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It’s been another tough week for the UK travel industry, with the prospect of foreign travel this summer slipping away following the government’s U-turn over allowing quarantine-free trips to Portugal.
However, there’s reason for optimism as travel starts to rebound post-pandemic. We have now reached a tipping point when it comes to sustainable travel, with the UK airlines taking pole position. Greta Thunberg warned of the urgent need for action, refused to travel by air and created a movement of “flight-shaming”. Then Covid-19 came along.
The pandemic caused a surge of self-reflection on personal life choices, business meetings began to take place exclusively online. A report released by Booking.com found that 53 per cent of global travellers wanted “to travel more sustainably in the future as Coronavirus has opened their eyes to humans’ impact on the environment.”
The hassle of PCR testing is likely to remain for some time, driving leisure travellers towards fewer, but longer trips. Over the last 12 months, the average trip doubled from four to nine days, and McKinsey is forecasting a 20 per cent long-term reduction in business travel.
The rise of “work from anywhere” and “bleisure” will blur the lines between business and leisure, leading to trips being combined. This trend towards longer travel means fewer emissions, as travellers prioritise more meaningful experiences, less crowded beach and nature destinations and visiting loved ones.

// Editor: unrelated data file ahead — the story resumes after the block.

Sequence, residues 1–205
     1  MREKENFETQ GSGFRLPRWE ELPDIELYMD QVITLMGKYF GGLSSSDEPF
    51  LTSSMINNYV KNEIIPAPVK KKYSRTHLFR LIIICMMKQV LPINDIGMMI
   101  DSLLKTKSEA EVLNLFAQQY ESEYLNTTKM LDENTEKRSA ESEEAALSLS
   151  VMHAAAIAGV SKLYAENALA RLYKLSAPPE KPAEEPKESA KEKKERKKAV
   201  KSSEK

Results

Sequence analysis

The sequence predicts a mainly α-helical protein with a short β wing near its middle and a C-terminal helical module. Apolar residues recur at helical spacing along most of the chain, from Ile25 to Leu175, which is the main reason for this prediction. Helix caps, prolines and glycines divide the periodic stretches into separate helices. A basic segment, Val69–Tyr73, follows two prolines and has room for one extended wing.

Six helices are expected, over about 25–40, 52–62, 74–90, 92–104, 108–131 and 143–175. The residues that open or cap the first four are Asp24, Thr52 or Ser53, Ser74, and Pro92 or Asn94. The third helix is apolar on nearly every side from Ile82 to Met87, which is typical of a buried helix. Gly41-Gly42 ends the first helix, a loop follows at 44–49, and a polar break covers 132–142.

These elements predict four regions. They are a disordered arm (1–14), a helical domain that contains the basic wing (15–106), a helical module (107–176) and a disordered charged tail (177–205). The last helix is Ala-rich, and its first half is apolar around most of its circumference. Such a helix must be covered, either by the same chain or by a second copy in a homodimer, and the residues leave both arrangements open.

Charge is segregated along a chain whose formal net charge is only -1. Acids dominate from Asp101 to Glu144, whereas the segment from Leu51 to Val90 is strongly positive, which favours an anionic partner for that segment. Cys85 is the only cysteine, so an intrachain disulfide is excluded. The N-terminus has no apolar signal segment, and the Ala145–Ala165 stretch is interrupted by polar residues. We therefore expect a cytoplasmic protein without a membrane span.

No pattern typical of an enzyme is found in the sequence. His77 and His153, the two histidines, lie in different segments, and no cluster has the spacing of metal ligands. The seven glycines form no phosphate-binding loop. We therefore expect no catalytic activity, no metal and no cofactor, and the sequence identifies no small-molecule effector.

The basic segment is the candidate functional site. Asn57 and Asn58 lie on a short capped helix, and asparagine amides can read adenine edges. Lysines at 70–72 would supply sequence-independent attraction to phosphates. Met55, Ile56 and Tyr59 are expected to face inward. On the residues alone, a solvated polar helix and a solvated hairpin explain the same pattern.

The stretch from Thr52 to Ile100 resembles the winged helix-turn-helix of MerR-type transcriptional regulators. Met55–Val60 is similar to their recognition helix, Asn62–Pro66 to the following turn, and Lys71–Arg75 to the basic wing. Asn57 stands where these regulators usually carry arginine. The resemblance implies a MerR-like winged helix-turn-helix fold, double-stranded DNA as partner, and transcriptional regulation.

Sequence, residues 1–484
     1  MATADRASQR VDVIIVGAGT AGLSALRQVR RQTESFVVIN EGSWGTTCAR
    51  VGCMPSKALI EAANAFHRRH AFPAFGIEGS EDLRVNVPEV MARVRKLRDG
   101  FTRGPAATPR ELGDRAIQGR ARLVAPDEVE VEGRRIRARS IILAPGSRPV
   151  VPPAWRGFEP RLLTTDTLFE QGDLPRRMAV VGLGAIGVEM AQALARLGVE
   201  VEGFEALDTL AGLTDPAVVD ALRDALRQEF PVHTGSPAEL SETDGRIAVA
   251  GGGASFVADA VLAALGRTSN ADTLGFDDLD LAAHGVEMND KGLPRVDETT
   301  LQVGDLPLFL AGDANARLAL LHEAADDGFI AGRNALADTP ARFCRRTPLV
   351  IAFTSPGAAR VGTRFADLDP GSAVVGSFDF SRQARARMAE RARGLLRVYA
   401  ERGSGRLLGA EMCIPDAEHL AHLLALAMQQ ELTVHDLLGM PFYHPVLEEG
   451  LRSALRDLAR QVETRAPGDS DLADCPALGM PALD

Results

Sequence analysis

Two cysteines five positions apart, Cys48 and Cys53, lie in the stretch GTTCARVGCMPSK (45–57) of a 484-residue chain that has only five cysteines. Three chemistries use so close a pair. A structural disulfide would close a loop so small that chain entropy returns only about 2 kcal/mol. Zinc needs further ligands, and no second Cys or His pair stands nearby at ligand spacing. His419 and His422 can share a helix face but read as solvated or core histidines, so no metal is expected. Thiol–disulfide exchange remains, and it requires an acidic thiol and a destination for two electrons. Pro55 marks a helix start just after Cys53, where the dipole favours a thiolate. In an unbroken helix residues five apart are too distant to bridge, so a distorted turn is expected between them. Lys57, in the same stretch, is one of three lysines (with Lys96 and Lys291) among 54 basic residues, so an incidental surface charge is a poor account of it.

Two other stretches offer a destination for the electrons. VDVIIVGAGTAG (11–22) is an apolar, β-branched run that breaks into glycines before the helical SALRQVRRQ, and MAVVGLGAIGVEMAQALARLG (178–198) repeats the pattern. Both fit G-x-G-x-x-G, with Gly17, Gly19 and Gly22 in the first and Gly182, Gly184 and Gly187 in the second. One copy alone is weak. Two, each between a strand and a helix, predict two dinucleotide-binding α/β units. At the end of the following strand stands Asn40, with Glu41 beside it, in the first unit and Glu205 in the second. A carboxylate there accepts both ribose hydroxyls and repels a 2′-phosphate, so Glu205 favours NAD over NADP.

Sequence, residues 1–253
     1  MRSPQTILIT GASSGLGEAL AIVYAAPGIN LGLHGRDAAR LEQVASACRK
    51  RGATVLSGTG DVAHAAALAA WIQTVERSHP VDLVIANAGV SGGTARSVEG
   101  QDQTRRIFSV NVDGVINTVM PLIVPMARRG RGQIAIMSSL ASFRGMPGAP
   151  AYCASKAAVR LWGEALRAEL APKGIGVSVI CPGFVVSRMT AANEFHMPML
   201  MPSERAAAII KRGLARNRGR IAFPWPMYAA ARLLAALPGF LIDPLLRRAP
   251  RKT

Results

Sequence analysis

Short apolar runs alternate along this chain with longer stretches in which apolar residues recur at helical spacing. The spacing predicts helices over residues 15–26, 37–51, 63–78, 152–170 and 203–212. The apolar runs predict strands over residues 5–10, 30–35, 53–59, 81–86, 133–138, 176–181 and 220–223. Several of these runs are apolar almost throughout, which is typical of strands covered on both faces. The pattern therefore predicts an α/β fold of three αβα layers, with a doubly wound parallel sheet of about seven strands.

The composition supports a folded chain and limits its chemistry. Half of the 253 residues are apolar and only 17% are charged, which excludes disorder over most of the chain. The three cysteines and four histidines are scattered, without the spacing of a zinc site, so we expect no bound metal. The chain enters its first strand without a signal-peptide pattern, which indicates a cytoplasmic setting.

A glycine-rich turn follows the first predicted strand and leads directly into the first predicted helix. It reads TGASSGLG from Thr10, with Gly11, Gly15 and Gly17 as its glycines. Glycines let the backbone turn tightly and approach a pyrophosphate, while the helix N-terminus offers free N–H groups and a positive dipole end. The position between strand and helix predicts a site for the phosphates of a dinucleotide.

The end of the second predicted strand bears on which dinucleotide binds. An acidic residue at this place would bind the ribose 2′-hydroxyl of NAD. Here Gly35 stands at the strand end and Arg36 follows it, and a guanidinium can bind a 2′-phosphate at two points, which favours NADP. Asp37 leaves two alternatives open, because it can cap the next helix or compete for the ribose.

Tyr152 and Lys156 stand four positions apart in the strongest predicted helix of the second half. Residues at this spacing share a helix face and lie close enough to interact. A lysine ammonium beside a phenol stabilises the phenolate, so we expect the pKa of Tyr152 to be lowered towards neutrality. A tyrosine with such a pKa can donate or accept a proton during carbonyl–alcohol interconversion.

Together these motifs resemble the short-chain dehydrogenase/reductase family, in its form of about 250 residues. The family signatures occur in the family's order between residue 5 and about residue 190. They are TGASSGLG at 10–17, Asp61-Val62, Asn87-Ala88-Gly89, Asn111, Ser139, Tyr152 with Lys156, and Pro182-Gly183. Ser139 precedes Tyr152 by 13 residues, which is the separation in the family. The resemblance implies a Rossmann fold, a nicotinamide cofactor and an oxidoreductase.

In my recent speech at Stanford, I also predicted that air fares will become more expensive. Even as leisure demand comes back strongly toward the end of the year, it will take airlines at least three years to build back up to where they were before the pandemic, given their investment backlog and weakened balance sheets.
For example, British Airways-owner IAG reported a $9bn los in 2020, and it may need to monetise its slot portfolio or frequent flyer program if the summer recovery stalls. Higher air fares are also due to a change in competition and fleet. Some long-haul price disruptors have now given up the fight, for example Norwegian has ended transatlantic flying and Etihad has become a mid-size carrier rather than a mega-hub connector.